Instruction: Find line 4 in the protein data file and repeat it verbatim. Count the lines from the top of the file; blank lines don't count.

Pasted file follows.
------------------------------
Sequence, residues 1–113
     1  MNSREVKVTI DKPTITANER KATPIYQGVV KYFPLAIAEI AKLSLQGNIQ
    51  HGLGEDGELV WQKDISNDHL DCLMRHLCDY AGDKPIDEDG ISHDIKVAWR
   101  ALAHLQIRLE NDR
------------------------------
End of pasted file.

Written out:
   101  ALAHLQIRLE NDR